“Wait, let me guess,” Selina interrupted with a grin. “Whatshername-Gretta?”
Bruce took a dignified sip of water. It was true he made no effort to learn the names of women that were not worth remembering, and he refused to feel ashamed of that fact.
“No, it wasn’t ‘whatshername-Gretta,’” he answered, although he did use that designation for most of the bimbos. “I do remember this one. Her name was Savanah Summer.”
“Oh come on, Bruce, it’s one thing to not remember; it’s another entirely to make up a name just to…”
She trailed off, for the atmosphere at the table had suddenly changed. Bruce had undergone the eerie density shift that marked a swift transition into Bat-mode, and Selina felt that electric tingle that once warned Catwoman whenever Batman was near.
“What is it?” she asked, quietly excited.
Bruce set down his sandwich and walked to the window.
“There,” he pointed.
She looked, blinked, chuckled as the sight registered, and then apologized, knowing his prejudice against laughter in the face of grunt-signs of criminal activity-grunt. Down the street, on the face of the tallest skyscraper facing the hotel, a crossword puzzle appeared in the pattern of lit and darkened windows.
“Quick, where’s today’s paper,” he ordered.
Selina rummaged and soon found the Daily Planet that came with their room service breakfast each morning. She opened it and turned to the crossword before handing it over.
“It’s not the same puzzle,” she said, disappointed.
“Find yesterday’s. I know I’ve seen that pattern recently.”
Selina shook her head.
“No way, Stud. They’re too damn efficient emptying the waste baskets in this place.”
Before she had finished speaking, Bruce was powering up his laptop.
“Here,” he spat, “You can get started, while I change. See if you can hack into the Planet’s system and go through the back issues. If you can’t get in in five minutes, call Barbara.”
“Now you’re just trying to make me mad,” Selina growled as he left.
Three minutes later, Batman returned from the bedroom and Selina reported curtly that she’d checked nearly two weeks of Daily Planet puzzles and none matched the pattern across the street.
“Ok, I don’t want you wasting any more time on it. I’ll send Oracle a photo and let her sift through all the metropolitan newspapers for as far back as it takes to find…”
“To find?” Selina prompted.
“It,” he murmured softly. He had taken a small digital camera from his utility belt but rather than pointing it out the window he was simply staring at it.
“Bruce?” Selina whispered.
He swiveled the laptop around to see the screen and began tapping keys urgently.
“Or maybe I already have taken a picture of it—There.” He turned the screen back around so Selina could see, revealing a photo he’d taken in Riddler’s pseudo-lair in the Daily Planet building. A piece of faux-art in the form of a large crossword puzzle, complete with clues, hung against a Riddler green wall.
“There it is,” he announced. “The crossword from the lair matches the one across the street.”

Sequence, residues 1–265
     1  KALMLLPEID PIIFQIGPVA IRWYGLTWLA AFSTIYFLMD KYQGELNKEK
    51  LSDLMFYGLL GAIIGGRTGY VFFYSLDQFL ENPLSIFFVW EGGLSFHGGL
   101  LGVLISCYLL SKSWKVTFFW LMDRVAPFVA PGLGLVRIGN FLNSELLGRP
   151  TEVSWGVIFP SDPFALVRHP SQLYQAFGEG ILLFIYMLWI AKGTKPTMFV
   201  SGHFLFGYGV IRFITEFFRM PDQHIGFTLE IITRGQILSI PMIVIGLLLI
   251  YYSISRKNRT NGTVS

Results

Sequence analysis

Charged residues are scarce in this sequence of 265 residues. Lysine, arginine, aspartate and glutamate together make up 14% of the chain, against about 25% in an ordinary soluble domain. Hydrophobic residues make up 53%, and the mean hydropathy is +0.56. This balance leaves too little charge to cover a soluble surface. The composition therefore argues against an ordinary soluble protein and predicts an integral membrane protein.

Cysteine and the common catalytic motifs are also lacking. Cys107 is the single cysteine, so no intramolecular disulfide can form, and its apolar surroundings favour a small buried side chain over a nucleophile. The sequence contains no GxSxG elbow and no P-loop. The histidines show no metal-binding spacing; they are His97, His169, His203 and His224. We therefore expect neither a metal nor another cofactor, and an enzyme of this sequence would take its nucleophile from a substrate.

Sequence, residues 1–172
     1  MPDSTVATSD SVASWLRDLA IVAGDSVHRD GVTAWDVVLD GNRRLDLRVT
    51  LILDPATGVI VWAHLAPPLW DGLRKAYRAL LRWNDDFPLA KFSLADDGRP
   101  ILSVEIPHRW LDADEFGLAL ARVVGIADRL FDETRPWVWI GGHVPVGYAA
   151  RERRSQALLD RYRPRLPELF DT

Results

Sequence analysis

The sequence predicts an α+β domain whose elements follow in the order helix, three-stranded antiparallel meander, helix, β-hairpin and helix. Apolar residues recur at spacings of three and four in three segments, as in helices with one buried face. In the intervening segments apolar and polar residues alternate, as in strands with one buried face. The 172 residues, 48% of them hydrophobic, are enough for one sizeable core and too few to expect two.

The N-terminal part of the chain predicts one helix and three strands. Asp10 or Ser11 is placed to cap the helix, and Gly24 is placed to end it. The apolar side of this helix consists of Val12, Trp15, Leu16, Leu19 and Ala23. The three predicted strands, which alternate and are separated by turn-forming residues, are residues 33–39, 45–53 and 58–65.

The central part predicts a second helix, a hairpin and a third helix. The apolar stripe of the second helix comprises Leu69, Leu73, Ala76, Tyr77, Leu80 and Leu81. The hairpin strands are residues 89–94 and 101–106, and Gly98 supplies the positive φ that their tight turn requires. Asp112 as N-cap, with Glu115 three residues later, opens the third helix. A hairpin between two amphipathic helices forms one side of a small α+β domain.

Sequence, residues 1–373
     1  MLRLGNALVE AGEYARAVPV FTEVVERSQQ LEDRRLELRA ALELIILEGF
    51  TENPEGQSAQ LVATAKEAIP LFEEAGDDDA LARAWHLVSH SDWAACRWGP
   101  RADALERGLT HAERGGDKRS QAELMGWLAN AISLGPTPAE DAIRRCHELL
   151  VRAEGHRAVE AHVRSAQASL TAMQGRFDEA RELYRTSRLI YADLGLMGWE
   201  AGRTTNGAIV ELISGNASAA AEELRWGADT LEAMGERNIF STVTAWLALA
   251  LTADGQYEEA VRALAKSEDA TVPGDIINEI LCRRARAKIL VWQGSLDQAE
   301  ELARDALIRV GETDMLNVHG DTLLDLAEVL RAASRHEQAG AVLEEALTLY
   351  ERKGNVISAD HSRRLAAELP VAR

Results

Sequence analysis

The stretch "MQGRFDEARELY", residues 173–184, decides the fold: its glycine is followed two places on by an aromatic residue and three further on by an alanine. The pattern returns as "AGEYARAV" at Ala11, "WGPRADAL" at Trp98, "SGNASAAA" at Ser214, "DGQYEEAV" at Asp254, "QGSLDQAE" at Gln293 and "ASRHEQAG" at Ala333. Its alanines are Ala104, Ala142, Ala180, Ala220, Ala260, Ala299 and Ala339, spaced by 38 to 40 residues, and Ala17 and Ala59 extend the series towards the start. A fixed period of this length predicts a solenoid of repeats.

“I assume you’ve solved this one already?” Selina asked dryly.
“Yes,” he punched a key and brought up the completed puzzle. “The night I found it. But there was nothing in the clues or the answers that related to Einstein, Metropolis, or the museum.”
“Yes, woof,” he agreed.
“Well, if the answer isn’t here,” Selina said, getting up and walking back to the window, “then it must be out there, in the Lite-Brite version of the puzzle, right?”
“His last ‘Lite-Brite’ was a decoy,” Batman noted.
“Well yes, I guess it was. But I didn’t mean to imply a connection to the bomb scare at the train station. I just didn’t know how else to refer to that thing.”
Batman rubbed his chin.
“The last Lite-Brite was also meant to occupy Clark,” he said.
“Agreed, but this one is definitely pointed at us.”
“Let’s make sure,” he said, switching off the lights. “Lenses engage. Infrared.”
He looked out the window again, and grunted.
“Just as I thought. Some of those lights are tinted on a spectrum we can’t see. Go to the computer, read off the letters in the boxes I call out.”
She did, and within minutes they had spelled out TRY GALA PERIL SIN.
“Maybe it’s just the heads up that he’s going to hit the party,” Selina suggested.
“Maybe,” he replied, scribbling out a few variations. He didn’t like that word ‘PERIL’ in there, but it was better than the TRY GALA variations that ended with R.I.P. He rearranged the letters several times to eliminate the subtextual threats, and then cursed himself for it. You could make anagrams of this length point to almost anything. He was indulging his own preference that the clue not include a threat when it was directed at Selina as much as himself. That was no way to solve a Riddler clue and he knew it. The only way to solve it was to get inside Nigma’s head. He looked up suddenly at Selina, and then back at the letters.
L-I-N-A, he wrote.
“Your name is in here,” he graveled.
She looked over his shoulder.
“Doesn’t leave you enough ‘A’s to spell ‘GALA’ that way,” she said.
“No,” he murmured as he scribbled again. “But…”
Selina let out a low whistle.
“What does that leave?” she asked breathlessly.
S-E he added before L-I-N-A. And then after PARTY he arranged the remaining letters to spell out G-I-R-L.